theoretically investigate the effects of search frictions on asset allocations and prices. The model combines elements from Rubinstein and Wolinsky (1987) and Duffie, G^rleanu and a Pedersen (2005), extending them to capture key features of real asset markets, such as the depreciation of assets. I model frictions of reallocating assets explicitly. In particular, each agent contacts another agent randomly, and this is costly for two reasons: 1) There is an explicit cost cs of searching; and 2) there is a time cost in that all agents discount future values by the discount rate > 0.

5.1

Assumptions

Time is continuous and the horizon infinite. A mass µ of risk-neutral agents enters the economy at every instant. All entrants have an exogenous parameter z = zh > 0 that measures their valuation for an aircraft. This valuation parameter is a Markov chain, switching from zh to zl = 0 with intensity ; zl is an absorbing state. The valuation processes of any two agents are independent. Hence, the mass of high-valuations agents is equal to µ . There is a constant flow x of new aircraft entering the economy in every instant. Aircraft depreciate continuously over time and are exogenously scrapped when they reach age T, but could be endogenously scrapped earlier. Thus, the endogenous total mass A of aircraft is, at most, equal to xT. I assume that

µ

> xT, implying that

µ

> A, which means that

the "marginal" owner in a Walrasian market is a high-valuation agent. An aircraft of age a generates an instantaneous flow of utility equal to (z, a) to its owner with valuation z. The function (z, a) satisfies the following: 1) It is increasing in the valuation z, (zh , a) > (zl , a) ; 2) it is decreasing in the age a of the asset,

(z,a) a

< 0; and 3) it exhibits negative

(zh ,a) a

complementarity between the valuation z and the age a of the asset,

<

(zl ,a) . a

Each agent can own either zero or one aircraft.6 Agents can trade aircraft: A given agent

Hence, I do not consider quantity decisions, as do Duffie, G^rleanu and Pedersen (2005 and 2007), Miao a (2006), Vayanos and Wang (2007), Vayanos and Weill (2008), and Weill (2007 and 2008). See Lagos and

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wishing to trade (either a buyer or a seller) pays a flow cost cs to search for a counterparty.7 While searching, he makes contact with other agents pairwise independently at Poisson arrival times with intensity > 0. Thus, given that matches are determined at random, the arrival rate s for a seller (the rate at which he meets buyers) is s = µb , and the arrival rate b (a) for a buyer (the rate at which he meets sellers of an age-a aircraft) is b (a) = µs (a), where µb and µs (a) are the endogenous equilibrium masses of buyers and sellers of an age-a aircraft, respectively.8 In addition, there is an endogenous mass µd of independent used-aircraft dealers that meets traders also through a search process. Each dealer has a flow cost equal to k and has, at most, one unit of inventory. An agent wishing to trade meets dealers pairwise independently at Poisson arrival times with intensity > 0. Thus, a buyer meets a dealer with a vintage-a aircraft to sell at rate bd (a) = µdo (a), and a dealer with an aircraft to sell meets a buyer at rate ds = µb , where µdo (a) is the endogenous mass of dealers with a vintage-a aircraft to sell. The rates bd (a) and ds represent the sum of the intensity of buyers' search for dealers and dealers' search for buyers. A seller meets a dealer willing to buy an aircraft at rate sd = µdn , and a dealer willing to buy an aircraft meets a seller of an aicraft of age a at rate db (a) = µs (a) , where µdn is the endogenous mass of dealers with an aircraft to sell. There is free entry into the dealers' market. Once a buyer and a seller meet, or they meet a dealer, parties negotiate a price to trade. I assume that a buyer and a seller negotiate a price according to generalized Nash bargaining, where s [0, 1] denotes the bargaining power of the seller. Similarly, when an agent meets a dealer, they negotiate a price, and d [0, 1] denotes the bargaining power of the dealer.9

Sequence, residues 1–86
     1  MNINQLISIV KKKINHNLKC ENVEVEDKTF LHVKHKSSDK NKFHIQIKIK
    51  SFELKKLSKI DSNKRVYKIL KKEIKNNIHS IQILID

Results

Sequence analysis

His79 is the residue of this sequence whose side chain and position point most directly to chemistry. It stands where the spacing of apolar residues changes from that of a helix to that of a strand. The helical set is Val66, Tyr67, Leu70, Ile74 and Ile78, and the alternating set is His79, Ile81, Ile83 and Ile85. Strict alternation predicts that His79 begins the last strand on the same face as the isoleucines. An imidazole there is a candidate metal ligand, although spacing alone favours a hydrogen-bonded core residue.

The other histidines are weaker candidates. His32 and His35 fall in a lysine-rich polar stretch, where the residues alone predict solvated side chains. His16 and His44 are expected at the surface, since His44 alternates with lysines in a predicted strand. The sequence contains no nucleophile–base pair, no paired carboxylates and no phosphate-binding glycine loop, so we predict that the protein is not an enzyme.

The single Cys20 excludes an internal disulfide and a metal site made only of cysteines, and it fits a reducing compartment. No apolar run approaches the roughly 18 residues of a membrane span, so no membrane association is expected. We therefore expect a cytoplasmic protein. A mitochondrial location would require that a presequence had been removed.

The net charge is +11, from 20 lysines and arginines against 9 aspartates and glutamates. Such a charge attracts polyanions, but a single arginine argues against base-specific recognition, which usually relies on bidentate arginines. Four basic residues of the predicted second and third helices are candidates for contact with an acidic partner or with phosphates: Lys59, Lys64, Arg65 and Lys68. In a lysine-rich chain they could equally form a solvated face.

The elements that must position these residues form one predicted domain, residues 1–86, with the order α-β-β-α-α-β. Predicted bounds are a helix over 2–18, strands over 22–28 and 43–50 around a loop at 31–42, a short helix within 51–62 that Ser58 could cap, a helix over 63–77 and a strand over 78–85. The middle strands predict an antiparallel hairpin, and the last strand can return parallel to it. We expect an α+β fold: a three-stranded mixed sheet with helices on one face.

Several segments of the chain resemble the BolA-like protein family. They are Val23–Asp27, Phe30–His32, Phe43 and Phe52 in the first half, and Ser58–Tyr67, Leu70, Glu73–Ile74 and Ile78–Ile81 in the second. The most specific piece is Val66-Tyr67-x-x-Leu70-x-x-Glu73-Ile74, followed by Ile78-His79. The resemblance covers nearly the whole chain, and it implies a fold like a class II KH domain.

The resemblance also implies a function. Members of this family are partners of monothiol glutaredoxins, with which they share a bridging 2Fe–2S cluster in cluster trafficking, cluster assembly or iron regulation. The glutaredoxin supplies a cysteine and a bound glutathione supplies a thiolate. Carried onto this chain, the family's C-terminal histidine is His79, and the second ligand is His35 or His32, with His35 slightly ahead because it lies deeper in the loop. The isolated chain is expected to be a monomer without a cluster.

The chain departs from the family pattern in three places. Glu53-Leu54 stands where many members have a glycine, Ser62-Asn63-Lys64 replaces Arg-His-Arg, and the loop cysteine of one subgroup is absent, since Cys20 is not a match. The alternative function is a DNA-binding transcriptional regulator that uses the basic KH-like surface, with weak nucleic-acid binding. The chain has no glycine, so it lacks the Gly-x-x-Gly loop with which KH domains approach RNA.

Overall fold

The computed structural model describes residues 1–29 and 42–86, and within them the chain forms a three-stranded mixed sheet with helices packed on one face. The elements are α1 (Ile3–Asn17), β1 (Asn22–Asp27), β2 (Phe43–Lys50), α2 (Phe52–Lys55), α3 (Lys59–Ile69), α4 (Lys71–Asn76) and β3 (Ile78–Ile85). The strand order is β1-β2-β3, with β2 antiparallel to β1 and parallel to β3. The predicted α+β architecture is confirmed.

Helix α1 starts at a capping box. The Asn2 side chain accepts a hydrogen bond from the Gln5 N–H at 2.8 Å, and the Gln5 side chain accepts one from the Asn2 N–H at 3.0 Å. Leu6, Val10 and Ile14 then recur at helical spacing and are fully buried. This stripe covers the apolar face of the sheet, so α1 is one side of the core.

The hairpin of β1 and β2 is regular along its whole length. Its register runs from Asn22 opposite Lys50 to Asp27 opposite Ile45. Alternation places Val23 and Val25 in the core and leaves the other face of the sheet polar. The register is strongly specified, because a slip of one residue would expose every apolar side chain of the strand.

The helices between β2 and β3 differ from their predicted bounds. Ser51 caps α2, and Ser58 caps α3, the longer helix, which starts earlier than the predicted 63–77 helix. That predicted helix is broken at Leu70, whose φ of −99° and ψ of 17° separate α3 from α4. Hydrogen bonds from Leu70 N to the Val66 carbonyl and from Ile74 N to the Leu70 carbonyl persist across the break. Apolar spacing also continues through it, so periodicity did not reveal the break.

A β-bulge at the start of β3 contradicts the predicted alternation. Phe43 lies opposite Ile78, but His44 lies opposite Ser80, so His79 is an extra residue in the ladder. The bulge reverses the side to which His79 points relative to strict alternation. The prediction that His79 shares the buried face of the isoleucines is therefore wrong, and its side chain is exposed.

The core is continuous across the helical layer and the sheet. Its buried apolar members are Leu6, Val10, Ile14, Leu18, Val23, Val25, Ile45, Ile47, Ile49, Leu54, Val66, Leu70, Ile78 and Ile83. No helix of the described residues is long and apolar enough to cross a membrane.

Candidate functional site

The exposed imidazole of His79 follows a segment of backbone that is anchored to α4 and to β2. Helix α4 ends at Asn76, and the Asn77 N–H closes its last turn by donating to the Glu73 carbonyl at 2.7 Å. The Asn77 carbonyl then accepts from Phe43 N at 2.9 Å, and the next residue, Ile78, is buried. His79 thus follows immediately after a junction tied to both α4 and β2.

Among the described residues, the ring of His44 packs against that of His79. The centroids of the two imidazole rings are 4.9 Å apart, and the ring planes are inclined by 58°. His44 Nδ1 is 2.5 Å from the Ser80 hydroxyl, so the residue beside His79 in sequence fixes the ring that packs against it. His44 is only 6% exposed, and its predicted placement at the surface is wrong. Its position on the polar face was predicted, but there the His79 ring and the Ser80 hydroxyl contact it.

Rocheteau (2009) for a model that considers quantity decisions. 7 The main role of the search cost cs is to avoid swaps of assets. For example, a low-valuations agent with a young aircraft and a high-valuation agent with an old aircraft may want to swap their assets. However, a positive flow cost of search cs eliminates these trades with small gains from trade. 8 Thus, the matching function exhibits increasing returns to scale. Appendix A reports on the estimates of the model and on the counterfactual analyses under the assumption that the matching function exhibits constant returns to scale. 9 The model assumes symmetry of information about the quality of the asset. Several institutional features of aircraft markets support this assumption. First, the aviation authorities often regulate aircraft maintenance. Second, maintenance records are frequently available, and all parties can observe the entire history of owners of each aircraft. Finally, all transactions involve a thorough material inspection of the aircraft.

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5.2

Solution